There are many benefits to gardening at home. Aside from being environmentally friendly, it can be beneficial for your health, as well as the health of the soil and local wildlife. In addition to the physical benefits of gardening, it is a great way to relieve stress, set goals, and nurture something. Furthermore, gardening at home is an environmentally friendly way to eat and reduce your environmental impact. So, why wait any longer to start gardening?
Reduces blood pressure
There are numerous health benefits of gardening. One of these is lower blood pressure. Many gardeners also eat more nutritious foods because they’ve grown them themselves. Some of these foods are particularly heart-healthy, including leafy greens, tomatoes, and cantaloupe. Learning more about what foods are heart-healthy may also lower your blood pressure. The study involved 28 adults with normal or prehypertension.
Getting outside in the fresh air has many benefits, including lowering blood pressure. According to the American Heart Association, gardening can help prevent or treat heart disease. Gardening helps you be more physically active, which is beneficial for your heart. In addition to helping you lose weight, gardening increases your intake of essential nutrients, including vitamin A and C. In addition, gardening helps you stay active and reduce stress, which is linked to high blood pressure.
Improves hand dexterity
There are many benefits to gardening, from improved muscle strength and bone density to improved hand dexterity. This hobby also helps to keep your body in balance by encouraging alternate use of both hands. In fact, a recent study found that women who spent at least half an hour gardening each week had higher bone density than those who didn’t garden at all. Among the other benefits, gardening has been shown to help stroke patients regain physical mobility.
One of the benefits of gardening is the sense of accomplishment that comes with a well-tended garden. Not only does gardening improve hand dexterity, but it can improve your mood as well. The multistep thinking process is important when gardening, whether on a small scale or a large one. Moreover, gardening can also improve your cognitive function. Therefore, it’s important to start gardening as early as possible to avoid future hand problems.
A recent study explored whether therapeutic gardening has beneficial effects on post-stroke patients. Participants in this study spontaneously defined therapeutic gardening as a means of healing. They described the experience as involving and rewarding because of its connection to nature. Such a setting might help to fulfill post-stroke patients’ expectations and desires for care. Further research may reveal if therapeutic gardening has positive effects on post-stroke patients’ health. The findings of the present study will provide important evidence for the benefits of therapeutic gardening in health care settings.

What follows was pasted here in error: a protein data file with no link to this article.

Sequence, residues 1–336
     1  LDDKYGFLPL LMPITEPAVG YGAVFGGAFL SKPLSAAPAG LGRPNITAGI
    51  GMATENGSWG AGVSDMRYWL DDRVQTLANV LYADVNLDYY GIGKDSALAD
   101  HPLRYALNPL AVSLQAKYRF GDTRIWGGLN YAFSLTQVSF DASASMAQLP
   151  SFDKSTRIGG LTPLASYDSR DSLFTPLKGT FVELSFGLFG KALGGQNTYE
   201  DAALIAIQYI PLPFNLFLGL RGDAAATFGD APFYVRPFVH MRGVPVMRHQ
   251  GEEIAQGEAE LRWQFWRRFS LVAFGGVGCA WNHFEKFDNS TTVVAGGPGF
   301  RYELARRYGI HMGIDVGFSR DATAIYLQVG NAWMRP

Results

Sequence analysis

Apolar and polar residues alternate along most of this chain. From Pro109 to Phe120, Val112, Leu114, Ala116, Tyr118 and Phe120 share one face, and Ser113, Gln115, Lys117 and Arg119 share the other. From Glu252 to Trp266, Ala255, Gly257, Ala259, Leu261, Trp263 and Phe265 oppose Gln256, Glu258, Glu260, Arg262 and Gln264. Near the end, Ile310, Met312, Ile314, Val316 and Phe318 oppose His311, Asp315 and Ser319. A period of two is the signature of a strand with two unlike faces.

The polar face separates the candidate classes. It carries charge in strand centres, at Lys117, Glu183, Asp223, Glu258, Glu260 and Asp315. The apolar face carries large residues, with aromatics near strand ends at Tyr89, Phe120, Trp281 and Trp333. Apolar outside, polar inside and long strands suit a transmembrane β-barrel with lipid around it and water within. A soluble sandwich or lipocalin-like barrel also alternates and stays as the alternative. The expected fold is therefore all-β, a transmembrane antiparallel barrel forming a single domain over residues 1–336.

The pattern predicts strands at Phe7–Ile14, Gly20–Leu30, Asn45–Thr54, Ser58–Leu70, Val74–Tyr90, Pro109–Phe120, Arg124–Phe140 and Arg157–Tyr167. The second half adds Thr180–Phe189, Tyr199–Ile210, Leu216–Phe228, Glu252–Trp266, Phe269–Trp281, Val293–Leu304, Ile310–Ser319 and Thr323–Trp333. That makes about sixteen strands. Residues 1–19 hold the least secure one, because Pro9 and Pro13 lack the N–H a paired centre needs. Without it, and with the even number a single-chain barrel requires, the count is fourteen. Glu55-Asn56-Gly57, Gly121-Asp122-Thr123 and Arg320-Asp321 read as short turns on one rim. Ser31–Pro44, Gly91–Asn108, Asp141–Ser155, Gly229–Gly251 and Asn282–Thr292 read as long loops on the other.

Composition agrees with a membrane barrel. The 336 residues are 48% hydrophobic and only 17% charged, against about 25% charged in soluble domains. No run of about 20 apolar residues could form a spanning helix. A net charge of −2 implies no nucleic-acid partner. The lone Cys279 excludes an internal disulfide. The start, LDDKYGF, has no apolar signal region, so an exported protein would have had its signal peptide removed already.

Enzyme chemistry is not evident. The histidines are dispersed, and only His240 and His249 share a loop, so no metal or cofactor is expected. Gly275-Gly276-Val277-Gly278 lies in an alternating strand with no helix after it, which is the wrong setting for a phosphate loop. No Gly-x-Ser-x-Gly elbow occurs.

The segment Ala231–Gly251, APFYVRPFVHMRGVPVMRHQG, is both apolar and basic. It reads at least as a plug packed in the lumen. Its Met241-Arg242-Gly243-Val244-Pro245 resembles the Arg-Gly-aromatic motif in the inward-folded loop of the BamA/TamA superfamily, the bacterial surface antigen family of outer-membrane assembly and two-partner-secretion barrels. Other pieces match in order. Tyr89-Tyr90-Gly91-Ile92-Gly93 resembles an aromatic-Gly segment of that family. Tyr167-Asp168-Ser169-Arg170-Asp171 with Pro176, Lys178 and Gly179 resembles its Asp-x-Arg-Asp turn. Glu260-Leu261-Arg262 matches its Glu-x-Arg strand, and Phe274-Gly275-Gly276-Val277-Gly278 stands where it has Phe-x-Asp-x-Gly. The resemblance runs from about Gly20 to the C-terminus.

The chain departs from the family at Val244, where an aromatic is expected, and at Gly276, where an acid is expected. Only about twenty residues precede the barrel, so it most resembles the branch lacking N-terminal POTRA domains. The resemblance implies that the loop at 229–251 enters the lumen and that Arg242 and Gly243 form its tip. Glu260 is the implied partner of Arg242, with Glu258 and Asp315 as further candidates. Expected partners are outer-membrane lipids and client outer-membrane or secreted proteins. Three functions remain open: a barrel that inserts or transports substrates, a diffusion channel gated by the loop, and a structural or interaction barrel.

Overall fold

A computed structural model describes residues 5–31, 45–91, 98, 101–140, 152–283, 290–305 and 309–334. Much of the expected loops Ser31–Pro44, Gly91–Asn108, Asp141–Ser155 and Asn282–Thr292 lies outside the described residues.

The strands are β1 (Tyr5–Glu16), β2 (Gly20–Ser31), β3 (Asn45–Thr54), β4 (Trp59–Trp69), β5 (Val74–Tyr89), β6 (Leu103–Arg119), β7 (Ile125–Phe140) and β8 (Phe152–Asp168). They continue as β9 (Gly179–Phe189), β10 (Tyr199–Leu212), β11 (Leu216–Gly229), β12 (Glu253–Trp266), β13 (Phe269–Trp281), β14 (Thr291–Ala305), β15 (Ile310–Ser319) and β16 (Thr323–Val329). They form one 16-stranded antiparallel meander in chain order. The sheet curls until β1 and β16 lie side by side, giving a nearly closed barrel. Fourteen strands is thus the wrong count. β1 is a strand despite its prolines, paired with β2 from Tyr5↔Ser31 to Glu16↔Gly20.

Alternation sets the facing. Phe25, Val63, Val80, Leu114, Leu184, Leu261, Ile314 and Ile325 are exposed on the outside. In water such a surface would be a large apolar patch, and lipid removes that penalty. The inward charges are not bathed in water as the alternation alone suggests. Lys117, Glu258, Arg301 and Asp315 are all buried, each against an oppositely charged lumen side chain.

The researchers noted that home DIY activities and gardening were just as beneficial as vigorous physical exercise for older adults. This is because prolonged sitting lowers the body’s metabolic rate while standing or moving around increases it. Prolonged sitting also affects the production of skeletal muscle hormones and negatively impacts other organs. For these reasons, standing up and performing physical activities can significantly reduce the risk of heart attack and stroke. These effects were noted in the Five Year Forward Plan of the NHS.
If you have been considering starting a garden in your yard, you might be surprised to learn that gardening at home can increase your income. While this may seem like a small price to pay, you will find that a community garden can contribute as much as $9,000 a year to city tax revenues. Another benefit of gardening at home is the savings you can realize on groceries. The average community garden in the United States adds around $9,000 to the city’s budget every year. There are many other benefits of gardening as well.
The health benefits of gardening have been studied by the Royal College of Physicians, and exposure to sunlight and nature is said to lower blood pressure. Exposure to garden-grown vegetables and fruits also boosts the body’s vitamin D levels, and the property value increases as well. In fact, there have been several studies proving that gardens can help raise property values. According to Post Office Money, a financial company in the United Kingdom, there is a clear correlation between the appearance of a garden and the price of homes.
Reduces food insecurity
A study published by Olney et al. found that home gardening increased dietary diversity and improved dietary quality in Burkina Faso. Another study conducted in Kenya found that gardening at home increased dietary diversity and improved nutrition among women. Another study by Boedecker et al. found that garden size and the number of crops increased the quality of diet. The results of both studies showed that gardening at home helps reduce food insecurity.
Health promoters also conducted a survey to determine the impact of home gardens on nutrition and health. The questionnaire included open-ended questions that sought to understand how garden cultivation impacted the lives of participants. Health promoters also administered the survey verbally to one family member, as they deem this representative of the experience of the family. One study involved 104 households, while the other included 249 households. In this study, gardeners were asked about their experiences before and after gardening.